You may have heard that Travel Ban 2.0 has already been frozen by a federal judge in Hawaii, meaning it never even took effect. Shortly afterward, another federal judge — this time in Maryland — also froze the ban for good measure.
Initially, I had mixed feelings about all this.
As I mentioned before, both iterations of the ban are worse than useless, so I’m certainly glad to see that it’s not being implemented (yet). I’m also glad to see the other two branches of government standing up to the President. So yeah, I did a little internal happy dance when I learned the news.
On the other hand, I wasn’t sure I agreed with the reasoning behind the judges’ decisions.
Both rulings say, essentially, that the travel ban violates the Establishment Clause of the First Amendment. That is, it deliberately discriminates against members of a particular religion — in this case, Muslims.
Travel Ban 1.0 had specific language, albeit brief, that mentioned a preference for minority religious groups (i.e., Christians), so the case was pretty straightforward. But nothing in 2.0 is explicitly about religion, and moreover, it’s hard to call it a “Muslim ban” when it bans only a small minority of Muslims, and does so only as a side effect of nationality. Screening by nationality, while stupid and pointless, could at least nominally be explained as a national security measure.
So the only way to block this thing on First Amendment grounds is to say it is motivated by intent to discriminate. Now, this is well-established precedent, so the Hawaii and Maryland judges were just doing their jobs. But I found the idea worrisome. By looking at intent, aren’t we asking judges to psychoanalyze? Conversely, shouldn’t we be able to judge a law by its text and its likely effect on society? Why does it matter if the legislator (or President, in this case) intended something bad? We only care about outcomes, right?
But after reading the Hawaii judge’s ruling (which is utterly fascinating, by the way) and thinking it over, I believe I’ve changed my mind. Here’s why:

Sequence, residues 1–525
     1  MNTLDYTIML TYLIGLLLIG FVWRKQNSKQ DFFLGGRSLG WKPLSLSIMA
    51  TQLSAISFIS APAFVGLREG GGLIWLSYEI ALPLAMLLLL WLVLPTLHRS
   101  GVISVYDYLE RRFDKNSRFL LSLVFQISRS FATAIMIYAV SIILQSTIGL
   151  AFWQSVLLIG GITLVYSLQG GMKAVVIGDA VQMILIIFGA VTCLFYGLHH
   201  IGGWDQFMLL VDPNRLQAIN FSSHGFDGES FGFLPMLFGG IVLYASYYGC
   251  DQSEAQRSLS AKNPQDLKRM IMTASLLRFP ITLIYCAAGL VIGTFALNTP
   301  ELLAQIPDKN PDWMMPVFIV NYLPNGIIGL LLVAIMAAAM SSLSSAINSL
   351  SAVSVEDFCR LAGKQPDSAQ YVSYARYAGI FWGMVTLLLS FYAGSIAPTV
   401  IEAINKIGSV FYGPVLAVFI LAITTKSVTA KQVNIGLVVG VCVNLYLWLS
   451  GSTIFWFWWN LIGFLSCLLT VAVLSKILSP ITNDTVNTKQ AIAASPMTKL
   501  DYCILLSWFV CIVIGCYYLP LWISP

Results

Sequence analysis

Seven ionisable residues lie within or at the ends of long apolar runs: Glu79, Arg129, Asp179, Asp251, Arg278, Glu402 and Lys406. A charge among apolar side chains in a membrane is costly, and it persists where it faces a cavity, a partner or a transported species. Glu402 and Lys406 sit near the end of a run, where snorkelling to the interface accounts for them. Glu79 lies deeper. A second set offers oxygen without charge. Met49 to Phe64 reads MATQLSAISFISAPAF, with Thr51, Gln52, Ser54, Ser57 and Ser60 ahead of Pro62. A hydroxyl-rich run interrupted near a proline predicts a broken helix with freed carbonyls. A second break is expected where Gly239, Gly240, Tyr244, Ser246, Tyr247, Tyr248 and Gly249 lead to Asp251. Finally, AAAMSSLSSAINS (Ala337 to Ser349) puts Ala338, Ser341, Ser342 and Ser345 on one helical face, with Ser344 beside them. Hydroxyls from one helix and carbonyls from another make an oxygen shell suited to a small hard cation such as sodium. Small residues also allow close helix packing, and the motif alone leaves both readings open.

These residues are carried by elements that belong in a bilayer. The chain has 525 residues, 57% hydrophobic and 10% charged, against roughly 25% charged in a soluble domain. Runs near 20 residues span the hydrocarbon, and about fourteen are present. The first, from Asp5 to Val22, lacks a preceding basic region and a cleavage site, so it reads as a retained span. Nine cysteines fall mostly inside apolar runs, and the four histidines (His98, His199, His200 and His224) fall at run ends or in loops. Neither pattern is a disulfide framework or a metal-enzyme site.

If we don’t worry about intent, it becomes really easy to discriminate by proxy.
As an extreme example, say a certain religious sect — the Tortugans — mandates that all believers get a tattoo of a turtle on their left arm at age 18. Now, the President hates turtles because they carry their homes with them, and thus don’t stay in his hotels. So he wants to ban the Tortugans.
Problem is, there’s that pesky First Amendment. So instead he just bans immigrants with tattoos of turtles on their left arms. It’s not about religion, he insists — a Christian with such a tattoo would be banned too, and a Tortugan who hadn’t gotten the tattoo (for whatever reason) would be allowed in. The left-arm turtle tattoos, he explains, are a public safety risk, because children are scared of turtles and might scream if they see a tattoo, thus inciting a riot.
If we’re not allowed to consider intent, such an order would seem to obey the First Amendment. The public safety argument is ludicrous, but it’s not the court’s job to decide whether orders and laws are logical, only whether they’re constitutional. The order overwhelmingly affects Tortugans, but that alone isn’t enough either, because it’s possible that a genuinely necessary order could disproportionately affect a certain religion (say, a small cult whose members have a fondness for AK-47s and aren’t big on safety training). So we’d have to allow it, as far as I can tell.
At that point, the Establishment Clause has basically become meaningless.
The problem with the anti-Tortugan order is, essentially, intent. Because if the President really is trying to protect national security (and has a valid reason for thinking this will do it), then the anti-Tortugan order should be allowed, even though it’s unfortunate for that particular religion. But if the President is trying to discriminate, and the tattoo stuff is just a proxy for that, then it should not be allowed.
As I said, that’s an extreme example, and the actual travel bans are more complex. But I think the principle is the same. If there were really a strong national security justification for banning people from those six countries, then it should be allowed, even if it affected a much higher percentage of Muslims. But if it were aimed at keeping Muslims out, then it should be stopped, even if it affected a much lower percentage.
Or so it seems to me right now.
It turns out, this Constitution stuff is complicated. Who knew?